Black History Month: A Celebration of American History

Last updated: February 14, 2022, at 12:03 p.m. PT

Originally published: January 31, 2022, at 6:12 p.m. PT

Black History Month

By: Loria Yeadon 

President & CEO, YMCA of Greater Seattle

February is Black History Month, a time when we honor and celebrate the accomplishments and contributions of Black people who have made significant contributions to our country’s growth and progress, and we strengthen our commitment to the unfinished work of advancing equity and justice for all.    

Carter G. Woodson established Negro History Week in 1926, and this week has grown into a month of inspiration and recognition of Black trailblazers who helped shape our collective American story. 

Black History Month and Woodson, a historian and professor, also have a special connection to Y history. At the Wabash Y in Chicago, Woodson first conceived the idea of a week to recognize the history and contributions of Black people to the nation. This act was especially brave during an era where Black accomplishments and contributions were often never documented, erased, overlooked or rewritten to de-emphasize their work and value. 

Woodson held small group meetings at the Y to develop the idea and formed the Association for the Study of Negro Life and History. This Association led to the creation of  Negro History and Literature Week, which was renamed Negro Achievement Week, and later Negro History Week, before eventually becoming Black History Month. 

We invite you to join the celebration and learn more about Black history with us

This month is also an invitation to engage with community and advance equity and justice for all. One of our core focus areas at the Y is to serve youth, especially those who are furthest from opportunity, by removing systemic barriers and creating accessible systems of support and belonging for all. 

The Y is addressing the important work of Black youth empowerment and creating equity in swimming. Nationally, 70 percent of Black people do not know how to swim, according to a University of Memphis study. Rooted in systemic inequality, and created and maintained through discriminatory laws, policies, and social practices, Black people and other people of color were denied access to swimming pools, and this perpetuated the false stereotype that “Black people can’t swim.” 

Drowning is a leading cause of preventable death. Every day in the United States, about 10 people drown, two of whom are children younger than 15-years-old. For Black children 5-19-years-old, the risk of drowning is five times higher than White children. Learning to swim saves lives and creating equity around swim safety is a public health issue we must address for all.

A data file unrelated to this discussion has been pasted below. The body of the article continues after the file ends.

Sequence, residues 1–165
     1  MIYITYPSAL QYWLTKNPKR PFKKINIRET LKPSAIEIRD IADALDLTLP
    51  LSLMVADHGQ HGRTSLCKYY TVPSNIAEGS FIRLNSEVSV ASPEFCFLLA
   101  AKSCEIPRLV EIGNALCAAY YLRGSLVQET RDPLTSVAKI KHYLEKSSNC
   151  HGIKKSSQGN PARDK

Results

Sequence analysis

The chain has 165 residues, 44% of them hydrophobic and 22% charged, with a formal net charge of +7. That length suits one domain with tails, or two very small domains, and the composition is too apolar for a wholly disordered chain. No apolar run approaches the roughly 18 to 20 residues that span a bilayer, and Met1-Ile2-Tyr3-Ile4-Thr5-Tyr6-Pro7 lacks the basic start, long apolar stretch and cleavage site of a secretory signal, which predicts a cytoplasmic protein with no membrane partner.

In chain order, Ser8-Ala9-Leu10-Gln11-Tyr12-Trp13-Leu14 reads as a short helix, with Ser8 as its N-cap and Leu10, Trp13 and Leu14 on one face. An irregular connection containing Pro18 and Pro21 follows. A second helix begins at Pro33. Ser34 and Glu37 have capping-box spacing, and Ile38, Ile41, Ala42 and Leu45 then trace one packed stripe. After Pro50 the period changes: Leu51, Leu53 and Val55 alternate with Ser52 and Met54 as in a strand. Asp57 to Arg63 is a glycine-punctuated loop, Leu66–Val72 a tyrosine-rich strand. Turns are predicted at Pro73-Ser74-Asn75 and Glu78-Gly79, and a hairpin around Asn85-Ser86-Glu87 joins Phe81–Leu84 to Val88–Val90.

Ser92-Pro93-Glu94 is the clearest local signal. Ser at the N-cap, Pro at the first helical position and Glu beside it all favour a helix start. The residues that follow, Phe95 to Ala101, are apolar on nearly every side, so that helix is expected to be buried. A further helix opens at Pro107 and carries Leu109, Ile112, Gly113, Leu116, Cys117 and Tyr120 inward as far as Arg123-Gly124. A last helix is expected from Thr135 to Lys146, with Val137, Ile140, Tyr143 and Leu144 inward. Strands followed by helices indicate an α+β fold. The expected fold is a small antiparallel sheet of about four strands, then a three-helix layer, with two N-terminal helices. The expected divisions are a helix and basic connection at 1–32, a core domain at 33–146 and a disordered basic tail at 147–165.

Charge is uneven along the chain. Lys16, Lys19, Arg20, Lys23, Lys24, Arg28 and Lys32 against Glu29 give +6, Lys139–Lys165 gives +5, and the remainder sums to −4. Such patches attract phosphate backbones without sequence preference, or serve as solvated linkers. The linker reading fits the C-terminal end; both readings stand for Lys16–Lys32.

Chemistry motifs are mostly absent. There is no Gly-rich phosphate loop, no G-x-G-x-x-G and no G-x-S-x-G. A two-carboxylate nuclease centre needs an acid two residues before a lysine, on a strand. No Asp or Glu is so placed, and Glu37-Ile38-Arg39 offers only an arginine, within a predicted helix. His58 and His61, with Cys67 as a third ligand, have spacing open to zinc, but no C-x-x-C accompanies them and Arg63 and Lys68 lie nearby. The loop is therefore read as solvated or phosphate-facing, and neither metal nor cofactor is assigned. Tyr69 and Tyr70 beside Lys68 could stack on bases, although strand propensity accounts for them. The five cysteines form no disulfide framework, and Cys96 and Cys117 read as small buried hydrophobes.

Please join us to learn more about how you can support youth and get involved and engaged with community. We’ll be honoring Black History Month with four events to gather, discuss, and enlighten one another in learning and conversation. 

  • February 8, two free virtual sessions to choose from: 5:30-6:00pm or 6:15-6:45pm: Get a taste of Southern style food with Kimberli Johnson from Kim’s Savory Cuisines. Learn, explore, and taste select African American foods, including collard greens, chicken and cornbread, and discover how food is the gateway into larger conversations about individual and group survival. RSVP today 
  • February 15, 5:30-6:30 pm: Join the Y online and celebrity hair stylist, Jamie Elmore, as we discuss diversity in swim, culture, history, and haircare for Black swimmers. RSVP today 
  • February 22, 5-6 pm: A virtual Y Healing space for those we have lost to drowning. Join us for an evening of openness and seeking solutions. RSVP today 
  • February 28, 5:30-6:30 pm: Our next Y Community Conversations installment: “In the Spirit of Ancestor Ella Baker” is centered on Black youth empowerment. Brought to us in partnership with community sponsors, this panel discussion reflects upon the words of the civil and human rights leader, as we move as a collective from permission to freedom. RSVP today

We hope that you will share these events with your family, friends, and networks and join the celebration and work to advance equity and justice for all. 


In community and gratitude,

Loria Yeadon

President & CEO YMCA of Greater Seattle


Loria Yeadon is President and CEO at YMCA of Greater Seattle. She is an accomplished non-profit and corporate leader, engineer, and patent attorney, with over 35 years of demonstrated commitment to serving community. Yeadon is the first woman, as well as the first person of color, to serve as CEO in the 146-year history of the YMCA of Greater Seattle.